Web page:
The International Living Building Institute, the most innovative green building system in the World, is sweeping North America. There are now more than seventy projects in progress from coast to coast pursuing certification under this vigorous performance standard and interest continues to rise.
Founded in 2009 by the Cascadia Region Green Building Council to promote the creation of Living Buildings, sites, and communities in countries around the world, The International Living Building Institute has set a new green building standard, the next step beyond LEED.
Certified Living Building projects must be energy and water sustainable, non-toxic, provide for habitat restoration on sister sites, and urban agriculture is mandated.
20 imperatives of the challenge must all be addressed for new projects, briefly summarized as follows:
- Limits to Growth – Projects may only be built on previously developed sites.
- Urban Agriculture – Projects must integrate appropriate agriculture.
- Habitat Exchange – Equal amounts of developed and undeveloped land are set aside.
- Car-Free Living – Projects contribute to walkable, pedestrian-oriented communities.
- Net Zero Water – Occupants’ water comes from captured and recycled sources.
- Ecological Water Flow – Storm water and building water discharge must be utilized.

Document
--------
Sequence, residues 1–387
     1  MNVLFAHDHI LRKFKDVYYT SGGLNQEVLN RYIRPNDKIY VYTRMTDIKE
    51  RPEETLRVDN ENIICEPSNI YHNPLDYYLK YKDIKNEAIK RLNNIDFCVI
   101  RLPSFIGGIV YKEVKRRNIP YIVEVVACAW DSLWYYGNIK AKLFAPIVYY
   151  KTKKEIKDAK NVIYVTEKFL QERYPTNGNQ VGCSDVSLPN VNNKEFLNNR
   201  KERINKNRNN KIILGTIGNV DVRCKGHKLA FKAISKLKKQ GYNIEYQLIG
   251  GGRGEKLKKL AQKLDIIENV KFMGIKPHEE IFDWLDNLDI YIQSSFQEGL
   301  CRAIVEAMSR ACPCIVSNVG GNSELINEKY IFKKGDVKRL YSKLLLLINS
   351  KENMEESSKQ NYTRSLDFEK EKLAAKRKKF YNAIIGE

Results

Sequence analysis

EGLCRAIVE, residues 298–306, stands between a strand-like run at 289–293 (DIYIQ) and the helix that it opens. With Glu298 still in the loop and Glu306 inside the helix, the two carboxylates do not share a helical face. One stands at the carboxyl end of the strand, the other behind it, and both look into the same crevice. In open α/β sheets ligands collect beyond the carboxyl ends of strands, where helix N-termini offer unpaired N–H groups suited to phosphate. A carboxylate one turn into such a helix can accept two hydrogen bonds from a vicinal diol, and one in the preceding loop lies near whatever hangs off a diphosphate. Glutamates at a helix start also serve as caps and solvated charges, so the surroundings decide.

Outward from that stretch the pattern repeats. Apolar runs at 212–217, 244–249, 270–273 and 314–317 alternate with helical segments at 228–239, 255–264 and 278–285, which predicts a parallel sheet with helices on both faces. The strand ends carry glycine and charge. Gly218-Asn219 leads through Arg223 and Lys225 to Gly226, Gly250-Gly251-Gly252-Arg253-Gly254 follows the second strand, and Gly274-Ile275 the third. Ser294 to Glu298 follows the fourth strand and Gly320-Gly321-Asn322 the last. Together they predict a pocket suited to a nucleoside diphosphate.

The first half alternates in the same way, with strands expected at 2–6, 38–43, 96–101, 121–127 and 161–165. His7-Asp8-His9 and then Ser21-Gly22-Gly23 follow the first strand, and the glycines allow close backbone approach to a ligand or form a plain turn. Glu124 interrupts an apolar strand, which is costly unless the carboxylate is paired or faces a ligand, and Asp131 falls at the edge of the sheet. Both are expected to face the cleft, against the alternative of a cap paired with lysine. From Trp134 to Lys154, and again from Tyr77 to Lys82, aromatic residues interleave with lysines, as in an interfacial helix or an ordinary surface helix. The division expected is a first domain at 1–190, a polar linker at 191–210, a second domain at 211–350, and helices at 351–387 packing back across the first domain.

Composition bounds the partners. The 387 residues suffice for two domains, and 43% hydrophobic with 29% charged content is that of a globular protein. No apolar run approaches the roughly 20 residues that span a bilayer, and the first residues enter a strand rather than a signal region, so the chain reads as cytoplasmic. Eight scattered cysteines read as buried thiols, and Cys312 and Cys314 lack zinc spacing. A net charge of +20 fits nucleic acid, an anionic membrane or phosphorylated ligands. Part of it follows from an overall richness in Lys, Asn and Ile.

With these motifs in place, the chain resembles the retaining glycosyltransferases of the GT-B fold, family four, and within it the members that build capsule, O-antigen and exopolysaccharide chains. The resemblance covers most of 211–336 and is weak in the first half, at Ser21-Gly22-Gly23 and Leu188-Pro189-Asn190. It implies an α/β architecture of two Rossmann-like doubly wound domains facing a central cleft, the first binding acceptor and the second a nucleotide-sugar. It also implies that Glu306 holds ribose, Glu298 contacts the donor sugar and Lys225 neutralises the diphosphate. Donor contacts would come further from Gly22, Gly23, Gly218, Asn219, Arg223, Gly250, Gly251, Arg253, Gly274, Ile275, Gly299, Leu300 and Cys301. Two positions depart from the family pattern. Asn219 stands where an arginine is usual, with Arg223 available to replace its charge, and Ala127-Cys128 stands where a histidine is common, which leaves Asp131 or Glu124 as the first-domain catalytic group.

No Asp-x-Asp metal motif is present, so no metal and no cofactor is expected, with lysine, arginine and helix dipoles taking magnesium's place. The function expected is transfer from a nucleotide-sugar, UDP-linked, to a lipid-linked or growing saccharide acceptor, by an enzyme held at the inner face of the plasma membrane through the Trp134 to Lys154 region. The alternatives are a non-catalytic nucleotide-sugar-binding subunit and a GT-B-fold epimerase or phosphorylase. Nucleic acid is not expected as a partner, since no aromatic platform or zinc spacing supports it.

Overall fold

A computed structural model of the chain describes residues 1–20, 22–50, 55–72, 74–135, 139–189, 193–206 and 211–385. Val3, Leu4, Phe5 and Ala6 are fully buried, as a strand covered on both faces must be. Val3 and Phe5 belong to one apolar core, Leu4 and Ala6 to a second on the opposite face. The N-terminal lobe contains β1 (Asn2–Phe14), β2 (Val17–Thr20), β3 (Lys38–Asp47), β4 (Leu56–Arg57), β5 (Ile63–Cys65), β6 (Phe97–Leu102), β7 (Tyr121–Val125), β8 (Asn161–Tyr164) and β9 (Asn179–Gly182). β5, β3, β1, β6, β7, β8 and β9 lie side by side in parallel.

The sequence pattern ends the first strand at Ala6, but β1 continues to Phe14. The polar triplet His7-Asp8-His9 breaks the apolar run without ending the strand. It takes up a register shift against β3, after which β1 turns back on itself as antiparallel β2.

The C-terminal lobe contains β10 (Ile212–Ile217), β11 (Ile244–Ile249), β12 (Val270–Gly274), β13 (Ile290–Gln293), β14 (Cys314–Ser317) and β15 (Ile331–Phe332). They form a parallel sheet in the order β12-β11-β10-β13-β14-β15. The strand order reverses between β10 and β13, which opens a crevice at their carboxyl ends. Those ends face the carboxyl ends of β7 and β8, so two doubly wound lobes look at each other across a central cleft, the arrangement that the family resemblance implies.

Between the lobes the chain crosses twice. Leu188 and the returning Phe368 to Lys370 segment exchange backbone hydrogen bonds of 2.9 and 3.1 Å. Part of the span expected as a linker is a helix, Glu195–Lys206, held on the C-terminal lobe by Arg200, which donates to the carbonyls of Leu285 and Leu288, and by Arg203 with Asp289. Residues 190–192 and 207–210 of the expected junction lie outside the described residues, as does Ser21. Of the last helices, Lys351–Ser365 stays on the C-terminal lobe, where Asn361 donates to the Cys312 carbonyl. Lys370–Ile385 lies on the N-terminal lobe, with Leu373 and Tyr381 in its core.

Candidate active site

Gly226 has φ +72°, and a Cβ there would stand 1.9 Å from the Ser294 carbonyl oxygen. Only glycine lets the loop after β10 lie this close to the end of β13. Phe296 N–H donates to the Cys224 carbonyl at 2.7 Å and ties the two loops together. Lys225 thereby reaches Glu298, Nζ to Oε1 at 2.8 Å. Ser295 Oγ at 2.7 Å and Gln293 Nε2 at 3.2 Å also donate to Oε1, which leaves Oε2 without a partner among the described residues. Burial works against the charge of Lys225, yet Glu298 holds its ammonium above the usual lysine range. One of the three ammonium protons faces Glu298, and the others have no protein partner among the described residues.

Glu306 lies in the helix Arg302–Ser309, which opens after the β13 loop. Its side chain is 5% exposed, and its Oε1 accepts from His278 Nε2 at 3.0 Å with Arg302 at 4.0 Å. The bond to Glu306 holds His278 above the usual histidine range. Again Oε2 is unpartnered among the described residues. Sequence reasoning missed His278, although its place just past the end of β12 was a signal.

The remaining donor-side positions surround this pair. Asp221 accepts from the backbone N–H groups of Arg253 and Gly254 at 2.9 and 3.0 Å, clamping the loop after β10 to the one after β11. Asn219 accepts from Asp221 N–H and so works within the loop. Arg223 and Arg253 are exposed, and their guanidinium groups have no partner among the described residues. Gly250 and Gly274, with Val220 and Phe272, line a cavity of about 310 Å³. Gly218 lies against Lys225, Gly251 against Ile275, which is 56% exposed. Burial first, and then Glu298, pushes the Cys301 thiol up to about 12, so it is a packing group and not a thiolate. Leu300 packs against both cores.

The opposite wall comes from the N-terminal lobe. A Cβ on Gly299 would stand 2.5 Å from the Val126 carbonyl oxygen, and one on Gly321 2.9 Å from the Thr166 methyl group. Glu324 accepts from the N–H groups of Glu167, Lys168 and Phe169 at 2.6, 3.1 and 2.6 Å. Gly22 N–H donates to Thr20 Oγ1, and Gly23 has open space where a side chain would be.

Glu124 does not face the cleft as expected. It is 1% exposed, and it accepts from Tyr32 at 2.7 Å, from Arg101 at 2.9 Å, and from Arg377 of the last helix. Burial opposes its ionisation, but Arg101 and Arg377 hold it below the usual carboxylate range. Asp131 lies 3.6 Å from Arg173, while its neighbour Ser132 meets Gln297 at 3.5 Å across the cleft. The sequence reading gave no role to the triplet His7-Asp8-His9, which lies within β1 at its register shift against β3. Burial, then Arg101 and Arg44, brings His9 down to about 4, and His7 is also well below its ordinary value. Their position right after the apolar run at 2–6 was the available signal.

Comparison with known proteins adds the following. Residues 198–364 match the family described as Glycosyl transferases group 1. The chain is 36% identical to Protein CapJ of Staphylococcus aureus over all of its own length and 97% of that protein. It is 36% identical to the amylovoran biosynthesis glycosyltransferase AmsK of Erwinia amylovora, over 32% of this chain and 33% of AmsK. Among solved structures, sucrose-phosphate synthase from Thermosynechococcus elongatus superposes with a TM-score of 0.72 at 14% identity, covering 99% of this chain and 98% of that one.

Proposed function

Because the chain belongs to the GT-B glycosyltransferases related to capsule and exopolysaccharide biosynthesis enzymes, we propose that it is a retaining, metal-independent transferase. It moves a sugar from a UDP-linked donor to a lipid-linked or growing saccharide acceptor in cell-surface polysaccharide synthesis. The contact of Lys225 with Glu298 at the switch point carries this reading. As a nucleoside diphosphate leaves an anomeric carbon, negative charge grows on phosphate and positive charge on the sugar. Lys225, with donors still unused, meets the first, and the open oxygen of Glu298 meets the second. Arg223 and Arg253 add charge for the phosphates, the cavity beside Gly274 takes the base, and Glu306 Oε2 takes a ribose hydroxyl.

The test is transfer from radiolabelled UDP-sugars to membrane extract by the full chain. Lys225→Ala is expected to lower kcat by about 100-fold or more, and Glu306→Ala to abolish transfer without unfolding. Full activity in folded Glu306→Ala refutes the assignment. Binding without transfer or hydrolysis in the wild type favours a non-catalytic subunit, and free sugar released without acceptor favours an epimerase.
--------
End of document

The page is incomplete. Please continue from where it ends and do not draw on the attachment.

- Net Zero Energy – Energy needs are provided by onsite renewable means.
- Civilized Environment – Spaces have operable windows to provide fresh air and sun.
- Healthy Air – Projects must promote good indoor air quality.
- Biophilia – Designs nurture human attraction to natural systems and processes.
- Materials Red List – Projects cannot contain any chemicals from a prohibited list.
- Embodied Carbon Footprint – A one-time carbon offset must be tied to the project.
- Responsible Industry – Projects use sustainable resource extraction and fair labor.
- Appropriate Sourcing – Local solutions contribute to regional economy, sustainable practices, products, and services.
- Conservation and Reuse – Waste is reduced or eliminated to conserve resources.
- Human Scale and Human Places – The project design of places brings out the best in humanity, promotes culture and interaction.
- Democracy and Social Justice – All people should have access to and benefit equally from the project’s creation.
- Rights to Nature – Projects must allow access to and preserve the quality of fresh air, sunlight, and natural waterways.
- Beauty and Spirit – Projects are designed for human delight, culture, spirit, and place.
- Inspiration and Education – Materials are provided to the public to educate and motivate others, and direct contact opportunities are scheduled yearly.